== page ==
Using Math.abs() in Java with Examples

Oct 12, 2019 · 3 mins read

The java.lang.Math class that comes bundled with Java contains various methods for performing basic numeric operations such as the elementary exponential, logarithm, square root, and trigonometric functions.

Math.abs(…) method is part of the Math class. It is used for finding the absolute value of a number. Absolute value is the magnitude of a real number without regard to its sign. If the argument is not negative, the argument is returned. If the argument is negative, the negation of the argument is returned.

a-raised-to-power-of-b

Math.abs(…) method is overloaded. Here are the method signatures:

public static int abs(int a)

public static long abs(long a)

public static float abs(float a)

public static double abs(double a)

Note just like all other methods on the Math class, Math.abs(…) is a static method so you can call it directly on the Math class. The overloaded methods can take all primitive number types and the return type is the same as that of the argument.

int result = Math.abs(-3); // result = 3

Code Example

public class MathEx {
    public static void main(String[] args) {
        absolute();
    }

    private static void absolute() {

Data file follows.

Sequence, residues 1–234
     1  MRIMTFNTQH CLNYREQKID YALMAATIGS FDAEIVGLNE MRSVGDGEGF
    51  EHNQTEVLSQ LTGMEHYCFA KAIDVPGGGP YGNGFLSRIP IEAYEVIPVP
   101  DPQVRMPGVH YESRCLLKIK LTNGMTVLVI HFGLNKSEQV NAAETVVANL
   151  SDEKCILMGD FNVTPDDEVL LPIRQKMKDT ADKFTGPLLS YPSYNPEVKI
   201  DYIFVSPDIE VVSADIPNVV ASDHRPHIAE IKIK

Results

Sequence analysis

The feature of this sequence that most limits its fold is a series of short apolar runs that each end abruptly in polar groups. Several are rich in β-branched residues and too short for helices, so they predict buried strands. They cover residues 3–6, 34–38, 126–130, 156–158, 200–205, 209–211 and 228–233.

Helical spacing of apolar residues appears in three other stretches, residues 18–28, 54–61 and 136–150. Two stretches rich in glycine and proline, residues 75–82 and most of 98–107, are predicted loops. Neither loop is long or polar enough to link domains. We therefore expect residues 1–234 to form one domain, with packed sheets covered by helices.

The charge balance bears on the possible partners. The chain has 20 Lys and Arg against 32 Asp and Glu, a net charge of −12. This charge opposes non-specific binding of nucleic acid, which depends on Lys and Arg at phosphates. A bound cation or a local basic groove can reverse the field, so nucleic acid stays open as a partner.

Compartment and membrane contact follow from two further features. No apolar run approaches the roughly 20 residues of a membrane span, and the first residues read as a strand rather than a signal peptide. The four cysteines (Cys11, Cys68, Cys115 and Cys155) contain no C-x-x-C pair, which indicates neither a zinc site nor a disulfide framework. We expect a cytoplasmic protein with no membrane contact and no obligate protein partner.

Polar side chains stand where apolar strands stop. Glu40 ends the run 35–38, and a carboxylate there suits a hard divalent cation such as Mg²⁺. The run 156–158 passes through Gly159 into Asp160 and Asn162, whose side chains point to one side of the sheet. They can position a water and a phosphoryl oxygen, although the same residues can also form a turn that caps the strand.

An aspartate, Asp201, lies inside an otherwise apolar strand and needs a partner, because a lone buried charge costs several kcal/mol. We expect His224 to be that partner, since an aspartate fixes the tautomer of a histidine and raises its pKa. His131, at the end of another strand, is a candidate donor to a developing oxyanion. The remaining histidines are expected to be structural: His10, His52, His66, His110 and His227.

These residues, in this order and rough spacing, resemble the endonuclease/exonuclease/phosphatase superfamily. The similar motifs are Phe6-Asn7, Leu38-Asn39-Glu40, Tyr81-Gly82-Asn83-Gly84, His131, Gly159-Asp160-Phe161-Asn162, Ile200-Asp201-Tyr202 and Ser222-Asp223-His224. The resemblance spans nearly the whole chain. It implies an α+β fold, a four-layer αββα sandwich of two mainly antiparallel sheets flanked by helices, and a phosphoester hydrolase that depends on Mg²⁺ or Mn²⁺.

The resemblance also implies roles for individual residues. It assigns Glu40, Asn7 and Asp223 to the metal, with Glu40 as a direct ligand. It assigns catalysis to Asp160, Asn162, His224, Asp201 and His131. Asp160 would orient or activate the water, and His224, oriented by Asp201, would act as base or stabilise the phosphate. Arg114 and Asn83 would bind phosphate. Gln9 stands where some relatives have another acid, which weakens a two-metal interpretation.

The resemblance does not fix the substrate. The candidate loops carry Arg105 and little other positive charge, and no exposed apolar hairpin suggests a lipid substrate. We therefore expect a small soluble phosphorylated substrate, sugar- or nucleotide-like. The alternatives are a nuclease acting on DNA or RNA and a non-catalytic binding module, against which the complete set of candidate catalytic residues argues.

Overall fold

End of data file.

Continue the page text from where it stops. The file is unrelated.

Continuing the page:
System.out.println(Math.abs(3)); // 3

        System.out.println(Math.abs(-3)); // 3

        System.out.println(Math.abs(1000L)); // 1000

        System.out.println(Math.abs(2.0f)); // 2.0

        System.out.println(Math.abs(-2.0f)); // 2.0

        System.out.println(Math.abs(-0)); // 0

        System.out.println(Math.abs(Double.NEGATIVE_INFINITY)); // + Infinity
    }
}

Output

3
3
1000
2.0
2.0
0
Infinity

There you have it. Hope you found this tutorial useful!

Special cases

For floating-point numbers i.e. float or double:

  • If the argument is positive zero or negative zero, the result is positive zero.
  • If the argument is infinite, the result is positive infinity.
  • If the argument is NaN, the result is NaN.

If you need more detailed information, please see Javadocs. It’s worth noting that the Math class in Java contains several other useful methods for arithmetic, logarithms and trignometric operations.

See also

Here’s a short youtube video that walks through several methods of the Math class.



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